The European Union is leading the way towards the preservation and regeneration of marine ecosystems, guiding the transition toward more sustainable approaches. As the European Commission reported, “Europe’s seas, oceans, and environment are a source of natural and economic wealth for Europe. We must preserve and protect them to ensure that they continue sustaining us in the future.” The European Green Deal does in fact include among its priorities various related measures and objectives: protecting our biodiversity and ecosystems; reducing air, water, and soil pollution; moving towards a circular economy; improving waste management; ensuring the sustainability of our Blue Economy and fisheries sectors.
This is a goal that is possible thanks to an important shift: moving from a blue growth to a sustainable blue economy. The detailed agenda should help achieve the European Green Deal’s objectives, and complement other recent Commission initiatives on biodiversity, food, mobility, security, data, and more.
Europe is making a particular effort in the oceans’ governance system: in 2016, the Commission set out a joint communication on International Ocean governance: an agenda for the future of our oceans, specifying 50 actions for safe, secure, clean, and sustainably managed oceans in Europe and around the world under three policy pillars: strengthening the international framework governing the oceans; reducing pressure on oceans and seas and creating the conditions for a sustainable ‘blue’ economy; strengthening international ocean research and data.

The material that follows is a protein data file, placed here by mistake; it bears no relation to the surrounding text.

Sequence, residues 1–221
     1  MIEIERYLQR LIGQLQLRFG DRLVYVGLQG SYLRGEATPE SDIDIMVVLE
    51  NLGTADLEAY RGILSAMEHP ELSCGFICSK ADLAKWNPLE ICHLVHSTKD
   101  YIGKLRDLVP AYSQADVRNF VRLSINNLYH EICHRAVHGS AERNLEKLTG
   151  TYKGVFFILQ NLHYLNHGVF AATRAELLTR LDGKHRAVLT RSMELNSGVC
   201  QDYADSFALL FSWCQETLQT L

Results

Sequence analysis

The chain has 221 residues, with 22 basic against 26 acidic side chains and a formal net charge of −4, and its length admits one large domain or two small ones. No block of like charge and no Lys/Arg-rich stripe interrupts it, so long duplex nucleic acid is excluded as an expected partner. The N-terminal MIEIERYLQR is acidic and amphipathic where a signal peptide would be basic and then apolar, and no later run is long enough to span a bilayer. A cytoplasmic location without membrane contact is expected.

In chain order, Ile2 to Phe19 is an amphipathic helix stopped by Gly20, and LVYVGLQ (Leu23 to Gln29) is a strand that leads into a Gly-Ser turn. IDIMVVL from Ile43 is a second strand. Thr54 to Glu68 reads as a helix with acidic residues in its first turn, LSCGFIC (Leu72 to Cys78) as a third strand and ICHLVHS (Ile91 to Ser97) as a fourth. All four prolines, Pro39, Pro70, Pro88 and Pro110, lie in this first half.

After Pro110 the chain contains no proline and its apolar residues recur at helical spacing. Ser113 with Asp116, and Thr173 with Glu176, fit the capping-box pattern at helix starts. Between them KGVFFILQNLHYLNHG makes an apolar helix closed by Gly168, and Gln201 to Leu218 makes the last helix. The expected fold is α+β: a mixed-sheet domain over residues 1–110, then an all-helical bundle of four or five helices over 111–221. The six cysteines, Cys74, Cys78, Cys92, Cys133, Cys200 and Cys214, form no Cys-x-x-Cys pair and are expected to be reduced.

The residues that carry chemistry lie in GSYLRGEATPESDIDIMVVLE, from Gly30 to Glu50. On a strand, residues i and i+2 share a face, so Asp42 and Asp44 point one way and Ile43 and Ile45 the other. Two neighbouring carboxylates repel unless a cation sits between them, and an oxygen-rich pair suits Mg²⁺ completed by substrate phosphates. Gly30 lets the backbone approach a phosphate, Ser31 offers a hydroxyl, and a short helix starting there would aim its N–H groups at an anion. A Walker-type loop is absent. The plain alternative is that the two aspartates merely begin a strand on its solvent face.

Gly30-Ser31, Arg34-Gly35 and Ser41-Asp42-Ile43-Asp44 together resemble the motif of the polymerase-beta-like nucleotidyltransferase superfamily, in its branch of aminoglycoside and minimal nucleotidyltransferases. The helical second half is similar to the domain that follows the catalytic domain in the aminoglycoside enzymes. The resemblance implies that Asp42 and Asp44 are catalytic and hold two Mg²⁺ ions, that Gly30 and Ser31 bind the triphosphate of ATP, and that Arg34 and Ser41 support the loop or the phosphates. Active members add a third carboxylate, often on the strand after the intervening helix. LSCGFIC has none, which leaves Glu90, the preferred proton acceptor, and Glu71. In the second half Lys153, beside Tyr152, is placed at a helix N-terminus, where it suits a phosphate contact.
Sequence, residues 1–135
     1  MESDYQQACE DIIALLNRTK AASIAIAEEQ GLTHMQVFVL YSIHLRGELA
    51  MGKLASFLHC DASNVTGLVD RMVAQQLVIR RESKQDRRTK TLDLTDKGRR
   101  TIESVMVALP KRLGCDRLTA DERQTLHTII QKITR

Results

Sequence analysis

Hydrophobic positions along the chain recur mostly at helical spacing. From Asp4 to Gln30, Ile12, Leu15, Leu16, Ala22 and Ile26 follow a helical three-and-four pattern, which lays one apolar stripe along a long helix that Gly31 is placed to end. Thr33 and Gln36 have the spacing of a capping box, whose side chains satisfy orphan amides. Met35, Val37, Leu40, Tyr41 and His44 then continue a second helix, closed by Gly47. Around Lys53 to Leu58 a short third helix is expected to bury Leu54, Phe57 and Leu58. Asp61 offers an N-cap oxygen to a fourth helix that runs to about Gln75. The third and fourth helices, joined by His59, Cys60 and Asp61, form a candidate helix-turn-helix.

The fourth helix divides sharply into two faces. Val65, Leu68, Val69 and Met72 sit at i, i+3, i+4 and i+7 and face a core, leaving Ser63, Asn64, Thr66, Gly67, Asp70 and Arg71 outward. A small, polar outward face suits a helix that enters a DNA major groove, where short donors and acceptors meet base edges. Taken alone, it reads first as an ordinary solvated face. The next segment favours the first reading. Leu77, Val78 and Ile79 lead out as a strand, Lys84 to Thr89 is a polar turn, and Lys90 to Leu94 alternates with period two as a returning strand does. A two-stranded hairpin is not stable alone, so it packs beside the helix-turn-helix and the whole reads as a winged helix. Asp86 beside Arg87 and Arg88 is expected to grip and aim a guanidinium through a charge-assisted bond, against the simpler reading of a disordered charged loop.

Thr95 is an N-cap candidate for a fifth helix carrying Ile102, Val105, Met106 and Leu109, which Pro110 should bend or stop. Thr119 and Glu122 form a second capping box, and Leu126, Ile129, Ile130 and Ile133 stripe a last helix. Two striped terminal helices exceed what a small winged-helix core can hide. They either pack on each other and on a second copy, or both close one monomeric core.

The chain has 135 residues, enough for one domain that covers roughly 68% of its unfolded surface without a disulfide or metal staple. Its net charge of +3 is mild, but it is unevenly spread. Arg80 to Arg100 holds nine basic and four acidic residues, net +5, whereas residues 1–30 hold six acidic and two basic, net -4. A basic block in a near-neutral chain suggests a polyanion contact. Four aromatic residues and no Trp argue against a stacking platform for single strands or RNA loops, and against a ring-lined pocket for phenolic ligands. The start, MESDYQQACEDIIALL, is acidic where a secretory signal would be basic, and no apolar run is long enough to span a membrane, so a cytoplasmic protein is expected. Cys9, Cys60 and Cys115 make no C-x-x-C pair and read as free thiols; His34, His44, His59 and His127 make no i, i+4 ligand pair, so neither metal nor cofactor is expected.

More recently, at the Our Ocean Conference (OOC) in Palau, the EU renewed its pledges toward International Ocean governance. Presenting a list of 44 commitments for the 2020-2022 period for an amount of almost €1 billion, the EU has brought forward its most important commitments ever offered during an Our Ocean Conference, in terms of value. The aim is to protect marine areas and ecosystems, tackle climate change adaptation, and protect and restore marine biodiversity. One example is the EU’s contribution to the Kiwa initiative, an innovative partnership to strengthen the climate change resilience of pacific island ecosystems, communities, and economies through nature-based solutions.
Inspired by the United Nations’ Sustainable Development Goals (SDGs), and in particular SDG 14 (Life below water), the European Commission has also implemented programs and directives to support the ocean and provide socio-economic benefits for its citizens, such as the Integrated Maritime Policy and the Marine Strategy Framework Directive. By adopting a holistic and multi-dimensional approach, the goal of the EU is to foster the sustainability of all sea-related activities, improve the quality of life in coastal regions through tourism and community empowerment, and promote the EU’s leadership on the matter.
However, words are not enough. The Horizon Europe funding program, created by the European Union, has allocated a total budget of €95.5 billion in support of innovative ideas to tackle specific EU mission areas, one of which is oceans, with the final goal of delivering tangible results by 2030. The ambitious goal is to deliver. Mission Starfish 2030 is in fact the plan of action pointing at preventing and eliminating pollution by, for example, reducing plastic litter at sea, nutrient losses, and use of chemical pesticides by 50%: all initiatives that serve to make the blue economy climate-neutral while promoting circularity and net-zero marine emissions.
Drops of hopes: the potential of regenerative oceans